(If you haven’t already read them, you might like to take a look at Part 1: The webstats legacy, Metrics, Part 2: Are we measuring the right things?) and Metrics, Part 3: What are your success criteria?)
In the last instalment of this series I mentioned that sometimes there just aren’t objective metrics that we can use to help us understand the repercussions of our actions. Yet much of what we try to achieve with social media projects is exactly this sort of unmeasurable thing.
No amount of understanding of page views, for example, is going to tell us how the people who have viewed that page feel about it. Did they come because they were interested? Or because they were outraged? Is your comment community a healthy one or a pit of raging hatred? Are your staff better able to collaborate now you have a wiki or are they finding it difficult to keep another datastore up to date?
There are two ways round this:
- Subjective measurement scales
Surveys are sometimes the only way you can get a sense for how well a social media project is going. All the metrics in the world won’t tell you if your staff are finding their internal blogs useful or burdensome. Random anecdotes are liable to mislead as you’ll end up relying on either the vocal evangelists who will give you an overly rosy picture, or the vocal naysayers who will give you an overly pessimistic picture. The truth is likely to be in the middle somewhere, and the only way that you can find out where is to ask people.
Survey questions need to be very carefully constructed, however, to ensure that they are not leading people to answer a certain way. At the very least, make sure that questions are worded in a neutral way and that you cover all bases for the answer options you give. Test and retest surveys as it’s so easy to get something crucial wrong!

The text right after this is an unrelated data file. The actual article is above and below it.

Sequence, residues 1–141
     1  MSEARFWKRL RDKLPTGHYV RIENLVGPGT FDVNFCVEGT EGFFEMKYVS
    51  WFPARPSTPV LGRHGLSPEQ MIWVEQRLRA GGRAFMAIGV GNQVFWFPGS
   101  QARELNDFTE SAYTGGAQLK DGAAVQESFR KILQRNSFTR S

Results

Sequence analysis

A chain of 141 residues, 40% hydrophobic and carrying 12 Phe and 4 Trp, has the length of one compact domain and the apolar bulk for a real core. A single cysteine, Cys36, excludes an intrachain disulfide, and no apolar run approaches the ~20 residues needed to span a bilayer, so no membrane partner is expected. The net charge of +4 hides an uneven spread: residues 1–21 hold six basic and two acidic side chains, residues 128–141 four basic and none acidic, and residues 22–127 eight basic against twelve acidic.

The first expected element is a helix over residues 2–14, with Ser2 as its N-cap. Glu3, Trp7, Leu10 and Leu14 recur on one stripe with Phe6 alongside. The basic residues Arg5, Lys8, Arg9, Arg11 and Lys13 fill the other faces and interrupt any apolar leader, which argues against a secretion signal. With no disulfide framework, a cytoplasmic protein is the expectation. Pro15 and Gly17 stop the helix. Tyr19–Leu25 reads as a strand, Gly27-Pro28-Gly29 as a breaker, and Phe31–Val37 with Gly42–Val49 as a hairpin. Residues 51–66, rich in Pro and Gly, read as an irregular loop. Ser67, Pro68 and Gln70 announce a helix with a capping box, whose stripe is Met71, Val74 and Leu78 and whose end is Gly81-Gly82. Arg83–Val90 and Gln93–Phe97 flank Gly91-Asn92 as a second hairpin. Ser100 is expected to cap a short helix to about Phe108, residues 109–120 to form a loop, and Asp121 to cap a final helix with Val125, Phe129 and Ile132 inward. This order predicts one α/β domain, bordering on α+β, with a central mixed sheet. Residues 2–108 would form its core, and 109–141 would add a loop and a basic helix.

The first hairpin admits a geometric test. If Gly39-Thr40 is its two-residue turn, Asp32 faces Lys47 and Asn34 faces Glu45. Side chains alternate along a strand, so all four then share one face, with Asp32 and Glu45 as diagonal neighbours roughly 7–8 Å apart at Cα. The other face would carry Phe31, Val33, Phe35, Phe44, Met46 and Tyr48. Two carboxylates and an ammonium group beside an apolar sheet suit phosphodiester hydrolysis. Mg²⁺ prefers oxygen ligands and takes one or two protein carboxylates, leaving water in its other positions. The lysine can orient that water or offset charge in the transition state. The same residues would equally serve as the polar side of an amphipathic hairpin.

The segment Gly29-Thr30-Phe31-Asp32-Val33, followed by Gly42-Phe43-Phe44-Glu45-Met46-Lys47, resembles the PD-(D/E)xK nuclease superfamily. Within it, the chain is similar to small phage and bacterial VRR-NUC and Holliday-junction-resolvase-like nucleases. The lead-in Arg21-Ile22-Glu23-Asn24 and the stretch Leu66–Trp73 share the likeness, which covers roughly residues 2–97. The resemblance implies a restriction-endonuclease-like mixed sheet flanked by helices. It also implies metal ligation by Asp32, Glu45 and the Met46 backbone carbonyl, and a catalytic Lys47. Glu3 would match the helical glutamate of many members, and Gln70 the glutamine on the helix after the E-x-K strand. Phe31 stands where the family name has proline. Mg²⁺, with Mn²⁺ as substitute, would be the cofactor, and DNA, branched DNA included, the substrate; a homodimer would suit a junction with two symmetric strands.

The second way to try and measure subjective metrics is to create a scale and regularly assess activity against that scale. If you were assessing the comments in your customer-facing community, for example, you might consider a scale like this:
★★★★★…..Lively discussion, readers are replying to each other, tone is polite, constructive information is shared
★★★★………Moderate amount of discussion, readers replying to each other, tone is polite, some useful information shared
★★★………….Little discussion, readers reply only to author, tone is mainly polite, not much information shared
★★……………..Discussion is moribund OR Tone of discussion negative, tone is impolite, no information shared
★…………………Abusive discussion OR Discussion is just a torrent of “me too” comments
The idea here isn’t to create an enormous cognitive load but to try and have a consistent understanding of what we mean when we rate something 3 out of 5. This means keeping scales clear and simple, and avoiding any ambiguity such as language which could be misunderstood or which has an inherent value judgement that could sway an assessment.
I would also suggest that valuable data would be compiled by having a varied group of people rating on a regular basis and then averaging scores. That would hopefully smooth out any variation in interpretation of the scale or personal opinion.
Again, I’m going to stress that both these methods need to be put in place and measurement started before a project begins. Thinking ahead is just so worth the effort.
In all honesty, I’ve never had a client do either surveys or subjective scales. Mainly because none of them have ever really given enough thought to metrics before they start a project. It’s a shame because with services like Survey Monkey, it’s really not hard to do.